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The Limits of Muslim Unity

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    The Limits of Muslim Unity

    All praise is due to Allah, glorified and exalted, and the may the blessings and peace be upon His noble servant and Messenger Muhammed, the chief and seal of the Prophets, upon his pure family, his noble and righteous companions, and upon his devout followers.
    Allah says in the Qur'an:
    "O you who believe! When you go abroad in the cause of Allah, investigate carefully, and say not to any one who offers you a salutation: "You are not a believer!" Coveting the perishable goods of this life: with Allah are profits and spoils abundant. Even thus were you yourselves before, till Allah conferred on you His favours: Therefore carefully investigate. For Allah is well aware of all that you do." (Surat An-Nisa,4:94)
    Despite this ayat (verse, clear sign) from Allah, it has become a common practice of the Muslim Ummah to pronounce disbelief (kufr) on others who call themselves Muslims. This type of behavior is justified by stating that such individuals or groups who have been labeled kuffar (disbelievers) have committed shirk (associating partners with Allah) or some other reprehensible act that, in their minds, takes someone outside the fold of Islam. Allah also says in the Qur'an:
    "As for those who divide their religion and break up into sects, you have no part in them in the least: their affair is with Allah: He will in the end tell them the truth of all that they did." (Surat Al-Anaam, 6:159)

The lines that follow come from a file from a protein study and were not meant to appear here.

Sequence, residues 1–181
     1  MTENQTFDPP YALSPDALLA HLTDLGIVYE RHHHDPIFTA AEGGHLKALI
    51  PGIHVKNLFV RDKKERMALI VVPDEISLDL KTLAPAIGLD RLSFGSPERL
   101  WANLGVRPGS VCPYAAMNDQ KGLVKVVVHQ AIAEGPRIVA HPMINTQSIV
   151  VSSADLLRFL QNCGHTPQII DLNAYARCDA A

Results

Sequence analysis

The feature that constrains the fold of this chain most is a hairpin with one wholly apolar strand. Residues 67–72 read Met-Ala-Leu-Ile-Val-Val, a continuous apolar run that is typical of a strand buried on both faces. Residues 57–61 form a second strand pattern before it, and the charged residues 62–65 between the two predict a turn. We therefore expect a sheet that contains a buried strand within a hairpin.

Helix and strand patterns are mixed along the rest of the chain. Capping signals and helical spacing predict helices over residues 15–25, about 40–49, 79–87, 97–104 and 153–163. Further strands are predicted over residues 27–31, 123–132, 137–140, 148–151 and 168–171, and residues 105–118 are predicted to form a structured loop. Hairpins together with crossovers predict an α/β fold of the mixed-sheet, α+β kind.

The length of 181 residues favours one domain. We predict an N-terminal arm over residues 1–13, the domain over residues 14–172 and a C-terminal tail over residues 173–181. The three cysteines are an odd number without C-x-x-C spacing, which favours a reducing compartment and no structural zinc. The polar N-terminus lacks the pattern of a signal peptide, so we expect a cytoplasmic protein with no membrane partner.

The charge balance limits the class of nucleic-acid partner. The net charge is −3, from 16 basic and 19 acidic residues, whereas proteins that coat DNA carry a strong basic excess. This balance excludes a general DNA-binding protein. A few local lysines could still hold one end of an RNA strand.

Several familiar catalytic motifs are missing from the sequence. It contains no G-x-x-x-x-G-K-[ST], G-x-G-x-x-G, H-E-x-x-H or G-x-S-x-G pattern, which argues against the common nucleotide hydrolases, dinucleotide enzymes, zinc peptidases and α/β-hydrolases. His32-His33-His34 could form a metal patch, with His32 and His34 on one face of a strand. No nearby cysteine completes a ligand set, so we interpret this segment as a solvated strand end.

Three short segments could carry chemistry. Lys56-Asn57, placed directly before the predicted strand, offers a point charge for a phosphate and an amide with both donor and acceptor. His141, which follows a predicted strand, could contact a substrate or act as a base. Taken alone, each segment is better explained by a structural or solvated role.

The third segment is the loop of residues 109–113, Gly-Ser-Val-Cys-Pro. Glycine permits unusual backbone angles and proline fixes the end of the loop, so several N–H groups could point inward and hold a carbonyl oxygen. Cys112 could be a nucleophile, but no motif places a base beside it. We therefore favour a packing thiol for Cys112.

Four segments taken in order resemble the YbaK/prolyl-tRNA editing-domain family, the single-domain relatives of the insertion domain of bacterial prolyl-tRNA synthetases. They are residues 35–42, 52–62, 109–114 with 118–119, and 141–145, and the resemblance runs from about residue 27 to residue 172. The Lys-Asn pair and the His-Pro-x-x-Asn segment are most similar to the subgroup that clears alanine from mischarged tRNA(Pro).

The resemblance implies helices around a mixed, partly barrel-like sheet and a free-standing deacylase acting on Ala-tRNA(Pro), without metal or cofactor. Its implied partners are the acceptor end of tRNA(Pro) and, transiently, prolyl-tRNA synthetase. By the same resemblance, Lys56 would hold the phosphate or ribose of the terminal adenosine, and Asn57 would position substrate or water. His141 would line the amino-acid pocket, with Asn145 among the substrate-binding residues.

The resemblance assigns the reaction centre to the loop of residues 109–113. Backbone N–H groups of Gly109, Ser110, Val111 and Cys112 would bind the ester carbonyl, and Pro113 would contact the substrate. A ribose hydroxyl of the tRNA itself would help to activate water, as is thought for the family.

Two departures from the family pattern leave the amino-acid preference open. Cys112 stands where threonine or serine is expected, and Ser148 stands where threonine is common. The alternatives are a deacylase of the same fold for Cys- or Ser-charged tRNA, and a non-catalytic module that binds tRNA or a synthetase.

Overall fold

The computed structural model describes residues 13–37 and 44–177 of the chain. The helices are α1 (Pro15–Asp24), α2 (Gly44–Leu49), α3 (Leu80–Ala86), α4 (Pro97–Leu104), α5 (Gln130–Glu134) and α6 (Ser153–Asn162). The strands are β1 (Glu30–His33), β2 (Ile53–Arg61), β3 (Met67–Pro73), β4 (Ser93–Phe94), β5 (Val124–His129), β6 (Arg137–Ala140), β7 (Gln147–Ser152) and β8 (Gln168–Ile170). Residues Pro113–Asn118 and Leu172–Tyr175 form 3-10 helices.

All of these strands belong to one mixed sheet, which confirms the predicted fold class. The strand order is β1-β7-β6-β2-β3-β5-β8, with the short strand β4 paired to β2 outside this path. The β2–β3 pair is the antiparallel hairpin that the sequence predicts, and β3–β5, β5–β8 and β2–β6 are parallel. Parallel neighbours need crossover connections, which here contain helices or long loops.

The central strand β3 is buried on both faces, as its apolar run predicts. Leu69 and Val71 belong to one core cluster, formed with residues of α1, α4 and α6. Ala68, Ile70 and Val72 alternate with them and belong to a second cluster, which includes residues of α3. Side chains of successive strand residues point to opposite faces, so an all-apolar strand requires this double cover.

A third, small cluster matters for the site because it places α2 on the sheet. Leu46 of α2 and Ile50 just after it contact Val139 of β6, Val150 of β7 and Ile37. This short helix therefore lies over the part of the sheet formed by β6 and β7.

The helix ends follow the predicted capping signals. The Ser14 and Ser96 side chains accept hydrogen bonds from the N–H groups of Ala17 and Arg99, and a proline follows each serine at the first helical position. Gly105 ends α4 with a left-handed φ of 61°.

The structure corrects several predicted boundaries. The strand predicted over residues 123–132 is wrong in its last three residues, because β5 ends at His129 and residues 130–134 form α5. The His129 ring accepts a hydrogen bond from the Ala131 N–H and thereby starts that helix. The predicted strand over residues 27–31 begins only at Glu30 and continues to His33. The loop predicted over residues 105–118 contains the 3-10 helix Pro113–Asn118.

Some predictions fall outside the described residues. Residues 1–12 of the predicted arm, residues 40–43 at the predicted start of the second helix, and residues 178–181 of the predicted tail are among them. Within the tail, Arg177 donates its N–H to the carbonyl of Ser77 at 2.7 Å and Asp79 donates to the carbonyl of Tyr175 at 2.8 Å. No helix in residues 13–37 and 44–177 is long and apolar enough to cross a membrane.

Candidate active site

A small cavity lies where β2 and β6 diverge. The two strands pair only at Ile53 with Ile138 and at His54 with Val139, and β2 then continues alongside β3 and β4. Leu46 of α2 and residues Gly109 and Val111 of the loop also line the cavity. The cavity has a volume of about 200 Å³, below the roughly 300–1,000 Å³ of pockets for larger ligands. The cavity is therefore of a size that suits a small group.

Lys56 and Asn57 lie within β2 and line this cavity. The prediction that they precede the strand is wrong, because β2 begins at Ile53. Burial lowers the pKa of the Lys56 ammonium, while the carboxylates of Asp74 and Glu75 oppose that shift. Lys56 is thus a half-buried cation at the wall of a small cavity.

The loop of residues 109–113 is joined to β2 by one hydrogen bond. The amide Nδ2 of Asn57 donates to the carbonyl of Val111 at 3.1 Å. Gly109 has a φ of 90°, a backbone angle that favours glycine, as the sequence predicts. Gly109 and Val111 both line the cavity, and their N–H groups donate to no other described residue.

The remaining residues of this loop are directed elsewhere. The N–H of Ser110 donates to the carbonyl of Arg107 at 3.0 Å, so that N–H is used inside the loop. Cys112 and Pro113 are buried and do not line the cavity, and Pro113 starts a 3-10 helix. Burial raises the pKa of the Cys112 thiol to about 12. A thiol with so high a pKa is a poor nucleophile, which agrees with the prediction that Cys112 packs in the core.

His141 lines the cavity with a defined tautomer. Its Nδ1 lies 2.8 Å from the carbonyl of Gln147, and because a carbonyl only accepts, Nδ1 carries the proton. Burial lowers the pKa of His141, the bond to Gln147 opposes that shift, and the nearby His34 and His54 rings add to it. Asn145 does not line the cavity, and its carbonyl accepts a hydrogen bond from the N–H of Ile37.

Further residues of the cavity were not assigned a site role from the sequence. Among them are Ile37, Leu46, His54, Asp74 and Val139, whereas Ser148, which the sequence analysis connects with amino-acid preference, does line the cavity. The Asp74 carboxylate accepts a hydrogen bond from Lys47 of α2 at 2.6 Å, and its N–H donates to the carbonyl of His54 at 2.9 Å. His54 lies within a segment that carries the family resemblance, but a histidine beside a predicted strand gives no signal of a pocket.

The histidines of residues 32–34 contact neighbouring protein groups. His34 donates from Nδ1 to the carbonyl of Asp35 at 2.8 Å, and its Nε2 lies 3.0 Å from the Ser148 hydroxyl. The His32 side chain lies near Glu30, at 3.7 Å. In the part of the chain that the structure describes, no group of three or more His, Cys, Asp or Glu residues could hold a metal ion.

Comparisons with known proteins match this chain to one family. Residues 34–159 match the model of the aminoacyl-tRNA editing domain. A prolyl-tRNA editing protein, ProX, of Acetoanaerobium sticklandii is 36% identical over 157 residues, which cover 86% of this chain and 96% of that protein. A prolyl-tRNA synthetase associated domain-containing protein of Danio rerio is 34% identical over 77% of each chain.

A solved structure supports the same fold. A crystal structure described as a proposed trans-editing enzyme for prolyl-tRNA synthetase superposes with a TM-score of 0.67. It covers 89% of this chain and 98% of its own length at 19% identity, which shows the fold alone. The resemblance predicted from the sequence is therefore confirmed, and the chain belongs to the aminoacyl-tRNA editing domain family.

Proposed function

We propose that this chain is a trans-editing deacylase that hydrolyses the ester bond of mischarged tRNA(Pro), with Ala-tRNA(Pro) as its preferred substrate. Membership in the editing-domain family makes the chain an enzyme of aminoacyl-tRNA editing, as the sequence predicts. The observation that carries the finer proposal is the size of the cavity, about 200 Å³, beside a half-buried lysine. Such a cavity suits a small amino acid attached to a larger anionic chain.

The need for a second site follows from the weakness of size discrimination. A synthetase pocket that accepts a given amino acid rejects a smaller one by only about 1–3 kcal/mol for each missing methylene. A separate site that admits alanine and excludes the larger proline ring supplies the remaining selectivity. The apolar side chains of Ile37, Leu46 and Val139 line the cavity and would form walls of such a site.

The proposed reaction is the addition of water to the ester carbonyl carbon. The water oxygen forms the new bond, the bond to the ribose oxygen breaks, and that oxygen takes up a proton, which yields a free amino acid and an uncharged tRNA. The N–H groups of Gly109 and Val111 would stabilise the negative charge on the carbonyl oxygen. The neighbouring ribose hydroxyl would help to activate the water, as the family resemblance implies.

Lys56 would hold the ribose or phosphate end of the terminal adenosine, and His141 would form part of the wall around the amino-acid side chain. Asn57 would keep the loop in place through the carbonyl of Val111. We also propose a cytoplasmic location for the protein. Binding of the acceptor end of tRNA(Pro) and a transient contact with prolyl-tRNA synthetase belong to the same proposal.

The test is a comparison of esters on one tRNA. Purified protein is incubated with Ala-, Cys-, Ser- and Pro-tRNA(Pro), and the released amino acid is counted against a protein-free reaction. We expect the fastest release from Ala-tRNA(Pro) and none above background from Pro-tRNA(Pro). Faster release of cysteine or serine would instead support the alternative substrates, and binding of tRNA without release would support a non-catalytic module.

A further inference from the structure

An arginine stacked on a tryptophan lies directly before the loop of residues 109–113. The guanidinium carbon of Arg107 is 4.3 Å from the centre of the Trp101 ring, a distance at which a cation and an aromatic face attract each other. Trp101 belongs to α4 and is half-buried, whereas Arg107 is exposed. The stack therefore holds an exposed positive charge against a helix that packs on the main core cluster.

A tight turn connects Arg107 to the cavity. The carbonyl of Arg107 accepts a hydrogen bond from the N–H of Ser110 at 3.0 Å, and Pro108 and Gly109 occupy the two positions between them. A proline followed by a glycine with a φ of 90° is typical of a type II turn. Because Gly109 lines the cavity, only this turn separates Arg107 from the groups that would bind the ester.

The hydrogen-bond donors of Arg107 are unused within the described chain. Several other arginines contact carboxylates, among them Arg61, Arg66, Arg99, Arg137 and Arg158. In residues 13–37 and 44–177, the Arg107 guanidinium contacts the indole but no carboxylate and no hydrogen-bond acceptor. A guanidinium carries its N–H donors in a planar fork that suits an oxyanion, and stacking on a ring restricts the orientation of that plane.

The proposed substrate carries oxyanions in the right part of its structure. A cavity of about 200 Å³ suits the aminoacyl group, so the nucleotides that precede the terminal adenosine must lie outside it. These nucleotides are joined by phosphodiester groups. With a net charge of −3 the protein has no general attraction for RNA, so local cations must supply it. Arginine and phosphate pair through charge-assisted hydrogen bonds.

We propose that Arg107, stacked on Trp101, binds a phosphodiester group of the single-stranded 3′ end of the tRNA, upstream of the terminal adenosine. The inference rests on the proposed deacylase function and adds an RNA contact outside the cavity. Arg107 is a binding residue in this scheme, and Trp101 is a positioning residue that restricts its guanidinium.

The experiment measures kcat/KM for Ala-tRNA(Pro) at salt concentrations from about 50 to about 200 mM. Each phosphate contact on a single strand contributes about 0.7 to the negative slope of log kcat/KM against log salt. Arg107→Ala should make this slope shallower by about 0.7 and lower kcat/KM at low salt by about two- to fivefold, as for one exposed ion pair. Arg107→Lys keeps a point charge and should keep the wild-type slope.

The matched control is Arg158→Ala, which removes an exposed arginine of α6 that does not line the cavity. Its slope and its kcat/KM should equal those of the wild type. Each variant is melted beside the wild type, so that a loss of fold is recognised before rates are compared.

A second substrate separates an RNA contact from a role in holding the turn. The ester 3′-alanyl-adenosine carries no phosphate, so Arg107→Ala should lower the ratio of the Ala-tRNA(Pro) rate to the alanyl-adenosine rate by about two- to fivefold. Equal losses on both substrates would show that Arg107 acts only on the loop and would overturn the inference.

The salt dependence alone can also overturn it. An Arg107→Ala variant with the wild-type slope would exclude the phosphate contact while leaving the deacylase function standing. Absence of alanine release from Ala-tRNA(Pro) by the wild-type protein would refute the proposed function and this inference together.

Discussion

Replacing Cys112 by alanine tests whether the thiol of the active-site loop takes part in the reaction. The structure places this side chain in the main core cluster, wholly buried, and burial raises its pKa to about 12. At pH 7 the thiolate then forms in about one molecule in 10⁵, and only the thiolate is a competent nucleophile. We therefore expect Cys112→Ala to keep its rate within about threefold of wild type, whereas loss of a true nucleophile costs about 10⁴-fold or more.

When asked about ayats such as this, the people described above answer that Muslim unity does not include those groups that have gone astray (leaving the fold of Islam) or practice bid'a (innovations in religion). Thus, their way of thinking is justified through this logic, and they remain disunited from Muslims who differ in their thinking. On the other side of the spectrum are people who believe Muslims should unconditionally unite. All differences should be set aside for the greater good of Islam. So long as we say "la ilaha il-Allah, Muhammadur-Rasulullah" we should not dispute over any "minor" issues. They maintain that, once we are united, the smaller issues will work themselves out eventually. The majority of Muslims fall somewhere in between these two extremes. They generally are confused as to which direction the Ummah should go. Should we all be exactly on the same path with the same line of thinking before we even consider uniting, or should we unite now without any conditions and work out our differences as a united body? In order to come to conclusions, a few aspects of this dilemma must be expounded. First, those who oppose unity with other groups do so on the basis that their particular group (whatever it may be) is the only one on the right path (sunnah). Only those who follow the Qur'an and Sunnah of the Prophet (saaws) shall be granted Jannah. Thus, all other groups should be avoided, especially the most extreme groups who have left the fold of Islam in their ignorance. In their view, the other groups are the "sects" who have broken away from them (the main body of Muslims). Those who wish to unite unconditionally follow the line of thinking that having a khalifah solves a lot of these disagreements. Even the disagreements that are not solved do not prevent Muslims from uniting. After all, the debates and disagreements that are being carried on today existed during the caliphate of Abu Bakr, Umar, etc., throughout the Umayad dynasty, the Abbassid dynasty, and the Ottoman Empire. In fact every Muslim state (khilafah), whether it be the Fatimids, Sasanids, or Uthmaniyya have always had to deal with such disagreements and disputes. Despite this, the Ummah remained united under one khalifa for the most part. Over the centuries political and ideological debates always existed. The Uthmani differed with the Shi'a over the issues of caliphate. Then the mutizilites differed with the uthmani. Later on the ahlul-hadith differed with the ahl-ra'y. Such debates continued and the differences were always there. At some point, the door of ijtihad was closed and four schools of thought were designated. Nevertheless, the other schools of thinking survived and differences continued to exist. The Ummah, however, remained under the rule of the Islamic state. Differences existed, but accusations of kufr and bid'a passed under the bridge with little confrontation. What is clear is that the Ummah must unite. What is not clear is how we should go about this process. Is unity equal to uniformity or is Islam truly a patch quilt of ideologies and schools of thought? Time will tell, insha'Allah. We will not survive with extremism. Clinging to our own ideologies without considering the viewpoints of others will ultimately lead to our failure as an Ummah. Most of the groups who argue against other groups are like the proverbial "pot calling the kettle black." Each group has valid arguments against the other. Hurling accusations and fighting one another will clearly get us nowhere. This was never the way the Prophet (saaws) approached issues, and it was not the practices of his successors, companions, or successors to his companions. The door of dialogue must be opened. The table must be wiped clean, and we must come to some type of agreement before it is too late.

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